Maybe you think you’ve already checked all the boxes. You’ve assessed your foot type, chosen the activity in which to put your energy (hiking, running, group sports) and determined the size and shape of sneaker that is appropriate. You have weighed various support options for any specific conditions you’re experiencing with toes, feet or ankles. Ready, set, go, right?
Well, actually there’s one more thing before you take that first step – lacing up your sneakers. You may say, “That’s a no-brainer, of course I have to tie my shoes!” Yes indeed, you won’t get far tripping over your shoestrings. That said, there are sneaker lacing techniques which can increase your comfort and even boost the performance of which you are capable.
The goal should be to match shoes with your feet that provide stability – as if they were ‘meant to be together.’ Ill-fitting shoes, or careless sneaker lacing may interfere with smooth motion and end up causing injuries. Ensuring a proper fit plus appropriate lacing technique will help to prevent irritation, blisters, tendinitis, black and blue toenails, burning sensations, and even alleviate foot pain.
We decided that instead of writing word-for-word steps for each sneaker lacing technique, we’d reach out to RunRepeat.com for permission to use some of their great demonstration videos. These clearly show just how to tie each style of lacing for your personal circumstances or preferences. You can also see RunRepeat’s amazing worldwide ranking of sneakers, based upon hundreds of thousands of reviews, gender, size, brand, color, collection, and best current discounted price.
Using this lacing adjustment allows your toes to splay out and have better flexibility.
Getting a snug fit isn’t always easy if your feet are narrow; this lacing technique will help.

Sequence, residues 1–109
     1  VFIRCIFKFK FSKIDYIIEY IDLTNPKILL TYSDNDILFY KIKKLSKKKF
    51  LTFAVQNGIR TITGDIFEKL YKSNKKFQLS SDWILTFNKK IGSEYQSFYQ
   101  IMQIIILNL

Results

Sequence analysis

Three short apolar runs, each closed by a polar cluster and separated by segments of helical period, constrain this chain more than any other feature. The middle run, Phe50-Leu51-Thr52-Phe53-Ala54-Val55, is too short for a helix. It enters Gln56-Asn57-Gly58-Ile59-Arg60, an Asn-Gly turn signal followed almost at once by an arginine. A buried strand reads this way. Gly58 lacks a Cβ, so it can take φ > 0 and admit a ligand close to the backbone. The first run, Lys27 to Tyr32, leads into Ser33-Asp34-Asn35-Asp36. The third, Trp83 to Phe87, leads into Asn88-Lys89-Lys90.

Get better support and limit your outward foot roll motion (aka: underpronation).
This sneaker lacing technique helps to keep from overstretching the plantar fascia.
More space in the forefoot reduces pain and numbness; and less chance of black nails.
If your feet tend to swell, this sneaker lacing method will take the pressure off.
The Surgeon’s Shoelace Knot adds 1 more loop; perfect for long distance and treadmills.
If you’re experiencing foot or ankle pain, and have never been diagnosed, it’s time to find out what’s going on before you venture out on an extensive hike or run. Once aware of your condition, there will be options for comfort and pain relief from your local podiatrist who is the right choice to ensure the most knowledgeable and capable physician for your needs.
Dr. Elizabeth E. Auger, has over 2 decades of experience treating patients in the Salt Lake City area and you have the choice of three locations for your convenience. Same day appointments are available, so let’s get you back on your feet with a sneaker lacing technique that works just for you!